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Brooklyn boxing event aims to stop violence, honor late Councilman

The upcoming boxing event will take place on Saturday at the Major R. Owens Health and Wellness Community Center.
The upcoming boxing event will take place on Saturday at the Major R. Owens Health and Wellness Community Center.
File photo

A local anti-violence organization is hosting a state-wide boxing tournament in Brooklyn on Saturday, with the victors moving toward the championship at Madison Square Garden. 

The James E. Davis Foundation, named after the former City Councilman who was shot dead by a political opponent at City Hall in 2003, is run by Davis’ brother Geoff, who aims to use sports and recreation to get kids off the streets, where they could be exposed to crime and violence. 

The boxing event will feature around 30 fighters, and will kick off at 5 p.m. at the Major R. Owens Health & Wellness Community Center in the Crown Heights section of Brooklyn. 

“This is a tournament, and there’s about 4 more,” said Geoff Davis. “And then the ultimate finale is in Madison Square Garden.” 

The non-profit organization helps run several different programs centered around character-building sports, such as basketball and boxing, in addition to charitable endeavors in their community.  

“We give out scholarships, host memorials,” Davis said. “We have programs with the New Heights basketball program. We do water aerobics, archery.”

The ultimate goal, Davis says, is to get as many young New Yorkers off the streets, and into productive activities as possible in an effort to stop senseless violence, like that which took the life of his brother. 

“Since we started the movement in the 80s, there’ve been many stop-violence organizations popping up around the city,” he said happily. 

The late Councilman James E. Davis, who was killed at City Hall in 2003.
The late Councilman James E. Davis, who was killed at City Hall in 2003.File photo

“Rather than just saying about stopping hate, we’re turning them into action, and getting these kids off the streets.” 

Boxing in particular, he said, helps put troubled youth on a positively formative path for the future.

“Where would Mike Tyson be without boxing? Where would [Floyd] Mayweather be without boxing? Where would any of these prize fighters be if it wasn’t for boxing? They’d be on the street,” Davis said. “Boxing teaches you discipline, teamwork, punctuality — a wide range of inner growth. Plus, it’s healthy on your body.”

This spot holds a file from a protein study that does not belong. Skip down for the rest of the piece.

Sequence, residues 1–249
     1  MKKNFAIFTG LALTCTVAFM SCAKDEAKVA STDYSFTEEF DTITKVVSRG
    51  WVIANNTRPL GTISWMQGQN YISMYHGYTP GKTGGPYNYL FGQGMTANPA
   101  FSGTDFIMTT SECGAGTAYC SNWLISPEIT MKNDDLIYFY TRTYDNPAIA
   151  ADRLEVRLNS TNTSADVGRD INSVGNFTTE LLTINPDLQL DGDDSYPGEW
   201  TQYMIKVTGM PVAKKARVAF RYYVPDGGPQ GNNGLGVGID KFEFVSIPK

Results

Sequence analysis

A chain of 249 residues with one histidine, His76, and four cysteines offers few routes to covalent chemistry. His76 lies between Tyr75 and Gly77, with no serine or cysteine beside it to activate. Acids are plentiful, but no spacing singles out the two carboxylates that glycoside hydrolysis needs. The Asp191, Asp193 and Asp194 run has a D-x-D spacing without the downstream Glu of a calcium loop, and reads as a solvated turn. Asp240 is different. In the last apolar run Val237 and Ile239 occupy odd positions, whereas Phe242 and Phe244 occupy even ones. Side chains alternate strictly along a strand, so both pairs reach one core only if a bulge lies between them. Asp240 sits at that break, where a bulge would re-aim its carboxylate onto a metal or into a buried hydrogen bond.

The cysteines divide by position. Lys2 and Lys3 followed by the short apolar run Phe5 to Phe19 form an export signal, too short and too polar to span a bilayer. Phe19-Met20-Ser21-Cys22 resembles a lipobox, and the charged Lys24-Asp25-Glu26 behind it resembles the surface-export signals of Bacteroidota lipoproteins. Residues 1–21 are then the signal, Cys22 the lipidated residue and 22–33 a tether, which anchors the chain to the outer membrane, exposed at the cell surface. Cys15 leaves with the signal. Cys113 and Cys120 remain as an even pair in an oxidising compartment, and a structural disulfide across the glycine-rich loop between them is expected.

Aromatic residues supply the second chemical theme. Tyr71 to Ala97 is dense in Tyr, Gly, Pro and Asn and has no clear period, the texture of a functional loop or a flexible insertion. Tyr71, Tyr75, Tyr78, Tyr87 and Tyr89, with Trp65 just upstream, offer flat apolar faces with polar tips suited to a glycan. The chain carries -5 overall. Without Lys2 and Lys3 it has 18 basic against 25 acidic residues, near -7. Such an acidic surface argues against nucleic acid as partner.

The organization used to host their events at various locations around the Big Apple, but since the late 2021 opening of the Major Owens community center, they’ve looked to utilize the repurposed armory. This will be the James E. Davis Foundation’s inaugural official event in the space.

“Crown Heights is very diverse, so we’re bringing an entire community together — it’s like the whole world is coming together.”

Named after the late Congressman Major Owens, who served the area from 1962 to 2003, the center brought a wide variety of recreational activities to the neighborhood, which lacks much access to parks — which Davis said was an important step towards diverting troubled youth. 

“Thousands and thousands of people walk through those doors, and they’re all over the place — the basketball courts, the gym, the pool. And that’s thousands of people that are off the streets,” he said. 

The boxing event on Saturday will last from 5 to 8:30 p.m., and will have a suggested donation of $25.  

“There’s a suggested donation of $25, but of course we are not going to turn anyone away,” Davis said. 

And, in addition to the important work of his organization, Davis has a uniquely personal attachment to this event, which will double as a tribute to his late brother, who had served as a police officer before his time in politics. 

“We will be having a 10 bell salute in his memory, which is what they do for fallen boxers,” Davis said. “He fought in the golden gloves, so we saw this as ideal, and something special for his memory.” 

For tickets, head to the James E. Davis website here.

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